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Polygenic Risk Score Performance Improved With Expression-Related Rare Variant Insights

NEW YORK – A team from Stanford University and other centers in the US and China have demonstrated that polygenic risk scores (PRS) based on common variants can be bolstered by incorporating clues from rare variants linked to significant gene expression shifts, dubbed expression outliers.

"As individual PRS estimates are comprised of variants across hundreds to thousands of genes, we reasoned that the disease effects of outlier-associated rare variants might have the greatest impact in individuals with a relatively larger burden of outlier-associated rare variant effects mapping to disease-relevant genes," Stanford University researchers Craig Smail and Stephen Montgomery, first and senior authors on a study appearing in the American Journal of Human Genetics on Wednesday, explained in an email.

Using genotyping data from UK Biobank participants, together with expression quantitative trait locus data from the GTEx project and a computational method known as CrossMap that takes rare variant-related gene expression changes into account, the researchers first flagged rare variants with outsized effects on gene expression.

From nearly 1.8 million rare variants found in the UK Biobank set and in the gnomAD database, they flagged nearly 90,900 rare outlier variants that appeared to impact the expression of 15,871 genes, based on rare variant annotations gleaned from whole-genome and transcriptome sequences in version 8 of the GTEx.

From there, the team used its "independent outlier gene count" (IOGC) score to demonstrate that the expression outlier-related rare variants could improve the performance of body mass index (BMI) PRSs in more than 96,600 of the UK Biobank participants, distinguishing between individuals at higher or lower risk of so-called severe obesity or early bariatric surgery — findings that were further validated using data for Million Veteran Program participants.

"We have demonstrated that a high burden of rare variants identified by their association with outlier gene expression can lead to substantial deviations in PRS-predicted phenotype," the authors wrote. "Furthermore, by integrating these rare variants into genetic risk prediction using the IOGC score, we demonstrated improvements in predicting risk for obesity beyond what was achievable with common variant-based PRSs."

In particular, the investigators found that predictions made using expression outlier-linked rare variants outperformed those possible by incorporating insights on protein-truncating rare variants into PRSs. Based on UK Biobank GWAS data spanning more than 1,900 traits or conditions, meanwhile, they saw signs that gene expression outlier-linked variants were somewhat enriched compared to rare variants that did not shift gene expression.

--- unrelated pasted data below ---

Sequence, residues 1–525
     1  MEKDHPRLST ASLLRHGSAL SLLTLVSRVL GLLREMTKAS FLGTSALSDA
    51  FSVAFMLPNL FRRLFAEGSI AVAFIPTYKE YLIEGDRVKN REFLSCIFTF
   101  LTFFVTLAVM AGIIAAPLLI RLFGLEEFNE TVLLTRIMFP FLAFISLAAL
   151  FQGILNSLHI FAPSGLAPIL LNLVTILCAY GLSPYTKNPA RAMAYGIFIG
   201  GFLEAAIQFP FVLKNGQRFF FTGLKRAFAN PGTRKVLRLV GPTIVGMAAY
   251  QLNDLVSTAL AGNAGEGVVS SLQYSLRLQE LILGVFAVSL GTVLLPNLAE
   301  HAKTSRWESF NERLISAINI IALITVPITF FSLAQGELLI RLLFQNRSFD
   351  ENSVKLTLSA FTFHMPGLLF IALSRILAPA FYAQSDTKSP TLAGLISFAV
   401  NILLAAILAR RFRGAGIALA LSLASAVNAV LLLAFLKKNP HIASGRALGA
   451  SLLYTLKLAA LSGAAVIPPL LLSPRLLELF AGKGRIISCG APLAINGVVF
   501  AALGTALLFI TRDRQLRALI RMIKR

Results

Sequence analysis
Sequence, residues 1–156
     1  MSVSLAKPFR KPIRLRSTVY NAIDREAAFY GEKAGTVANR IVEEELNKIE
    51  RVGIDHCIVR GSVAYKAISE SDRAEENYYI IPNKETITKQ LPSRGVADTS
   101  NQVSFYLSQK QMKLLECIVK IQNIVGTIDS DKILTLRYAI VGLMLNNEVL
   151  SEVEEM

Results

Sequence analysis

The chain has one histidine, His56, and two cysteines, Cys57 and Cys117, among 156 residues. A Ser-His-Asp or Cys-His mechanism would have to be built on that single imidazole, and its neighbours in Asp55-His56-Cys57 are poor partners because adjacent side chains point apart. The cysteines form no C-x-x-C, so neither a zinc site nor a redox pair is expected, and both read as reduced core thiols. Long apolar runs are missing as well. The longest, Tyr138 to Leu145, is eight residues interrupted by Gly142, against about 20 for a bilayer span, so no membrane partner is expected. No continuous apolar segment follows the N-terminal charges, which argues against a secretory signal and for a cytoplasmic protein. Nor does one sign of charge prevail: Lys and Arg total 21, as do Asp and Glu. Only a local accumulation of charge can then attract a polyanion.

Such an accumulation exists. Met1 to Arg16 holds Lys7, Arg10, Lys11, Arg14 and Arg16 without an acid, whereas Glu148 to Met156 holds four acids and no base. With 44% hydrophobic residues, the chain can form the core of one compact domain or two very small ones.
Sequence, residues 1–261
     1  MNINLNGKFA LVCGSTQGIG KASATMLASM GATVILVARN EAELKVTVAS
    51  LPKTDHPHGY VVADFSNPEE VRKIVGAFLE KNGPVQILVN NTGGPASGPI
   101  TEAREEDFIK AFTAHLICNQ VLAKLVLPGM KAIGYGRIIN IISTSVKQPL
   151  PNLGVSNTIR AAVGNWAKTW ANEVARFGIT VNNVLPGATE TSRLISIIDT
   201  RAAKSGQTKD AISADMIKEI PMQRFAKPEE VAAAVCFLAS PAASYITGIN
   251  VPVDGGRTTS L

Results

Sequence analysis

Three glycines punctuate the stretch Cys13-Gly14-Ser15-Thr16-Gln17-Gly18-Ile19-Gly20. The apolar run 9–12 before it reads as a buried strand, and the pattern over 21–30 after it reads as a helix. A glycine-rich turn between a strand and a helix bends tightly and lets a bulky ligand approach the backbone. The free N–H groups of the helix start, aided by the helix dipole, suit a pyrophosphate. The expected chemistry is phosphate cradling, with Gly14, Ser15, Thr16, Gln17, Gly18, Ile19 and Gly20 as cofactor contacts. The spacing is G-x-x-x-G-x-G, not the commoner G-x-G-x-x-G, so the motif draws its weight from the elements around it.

The findings so far suggest that "prediction for multiple complex diseases will benefit from integrating outlier-associated rare variants, including coronary heart disease, type 2 diabetes, and breast cancer," Smail and Montgomery wrote, noting that preliminary work points to improved predictive accuracy in at least two populations, hinting that a similar strategy may boost efforts to apply PRSs in non-European cohorts.

The investigators cautioned that the current approach is reliant on rare variant annotation insights from a relatively small set of GTEx representatives so far, and may be further improved by tapping into growing RNA sequence datasets and resulting variant-gene expression annotations. Likewise, whole-genome sequences from the UK Biobank project are expected to reveal far more rare variants missed with more limited sequence data used in the current analysis.

Consequently, Smail and Montgomery called the current work "a baseline for phenotypic prediction of complex diseases by integrating outlier-associated rare variants."

"Future extensions to our model will include more rare variants as we continue to sequence both transcriptomes and genomes in populations, will look at tissue-specific outlier effects, and incorporate longer-range gene expression impacts such as outlier-associated rare variants in enhancer regions," they noted.

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